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Chad faces a double burden of disease: the persistence of communicable diseases and the emergence of non-communicable diseases.


Infant mortality fell very slightly from 91 ‰ in 2005-2009 to 72 ‰ in 2010-2014. On the other hand, neonatal mortality, which represents almost half of infant mortality, has hardly decreased. These results are attributable to high-risk pregnancies (too early, too many, too close together), and to high fertility, ie 6.4 children per woman.


Maternal mortality remains particularly high compared to other countries in the sub-region: 1084 deaths per 100,000 new births in 2009, and 860 deaths per 100,000 live births in 2014. Women who received prenatal care, provided by a trained provider has increased from 43% in 2004 to 64% in 2014. This rate varies greatly depending on the environment (59% in rural areas) and (84% in urban areas). In addition, only 31% made at least the four recommended prenatal visits. This proportion is significantly higher in urban areas (51%) than in rural areas (26%).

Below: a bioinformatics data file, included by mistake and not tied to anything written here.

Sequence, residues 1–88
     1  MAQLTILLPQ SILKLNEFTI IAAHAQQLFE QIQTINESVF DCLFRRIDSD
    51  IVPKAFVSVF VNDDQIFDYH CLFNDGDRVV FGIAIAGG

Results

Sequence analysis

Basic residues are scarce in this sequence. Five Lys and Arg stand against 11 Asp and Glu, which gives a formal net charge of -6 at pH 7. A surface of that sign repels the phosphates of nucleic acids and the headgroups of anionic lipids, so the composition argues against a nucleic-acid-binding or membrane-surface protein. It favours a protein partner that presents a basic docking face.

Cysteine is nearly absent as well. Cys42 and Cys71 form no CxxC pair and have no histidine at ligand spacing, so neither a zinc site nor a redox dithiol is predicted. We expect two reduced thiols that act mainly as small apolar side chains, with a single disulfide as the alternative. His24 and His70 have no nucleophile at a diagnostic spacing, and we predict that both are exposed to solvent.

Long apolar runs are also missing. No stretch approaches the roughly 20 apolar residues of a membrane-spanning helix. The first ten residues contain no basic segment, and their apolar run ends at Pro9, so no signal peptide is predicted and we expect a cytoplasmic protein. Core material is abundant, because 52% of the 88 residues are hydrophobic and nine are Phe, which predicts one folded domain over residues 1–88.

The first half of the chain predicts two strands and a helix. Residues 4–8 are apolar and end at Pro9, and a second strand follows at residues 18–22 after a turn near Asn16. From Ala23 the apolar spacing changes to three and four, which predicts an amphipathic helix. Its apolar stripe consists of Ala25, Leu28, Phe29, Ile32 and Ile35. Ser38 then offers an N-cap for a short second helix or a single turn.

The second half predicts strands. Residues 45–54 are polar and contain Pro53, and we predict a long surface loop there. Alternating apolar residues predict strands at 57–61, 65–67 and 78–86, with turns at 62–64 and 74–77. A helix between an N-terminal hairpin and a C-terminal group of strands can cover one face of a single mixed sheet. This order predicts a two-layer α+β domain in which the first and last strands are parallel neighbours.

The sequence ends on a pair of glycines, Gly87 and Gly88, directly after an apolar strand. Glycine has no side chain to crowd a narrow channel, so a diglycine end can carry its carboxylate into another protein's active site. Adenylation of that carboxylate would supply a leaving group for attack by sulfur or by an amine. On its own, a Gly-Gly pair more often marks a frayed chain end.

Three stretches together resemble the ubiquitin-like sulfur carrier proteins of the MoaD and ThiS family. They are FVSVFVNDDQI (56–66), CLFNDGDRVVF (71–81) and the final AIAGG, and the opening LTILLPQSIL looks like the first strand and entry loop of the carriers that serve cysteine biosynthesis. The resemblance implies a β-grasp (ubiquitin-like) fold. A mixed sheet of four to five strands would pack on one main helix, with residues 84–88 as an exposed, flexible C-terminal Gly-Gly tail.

Almost 34% of births took place with the assistance of trained health personnel and only 22% took place in a health facility; this proportion was 16% in 2010. In addition, 15% received postnatal care, in accordance with WHO recommendations. Only 6% of married women aged 15-49 and 21% of not-married women use a contraceptive method. 

To combat these problems, since 2005, Chad has implemented an exemption policy for emergencies. In 2012, it was extended to health centers with the target groups of pregnant women and children aged 0 to 5. It ultimately aims to offer complete health coverage to mother-child care. However, as in many sub-Saharan countries, the strategy of extending coverage is encountering difficulties, particularly in terms of articulation with the already existing architecture of the Chadian health system - given its fragility - but also in terms of the effectiveness of free access for the target populations.

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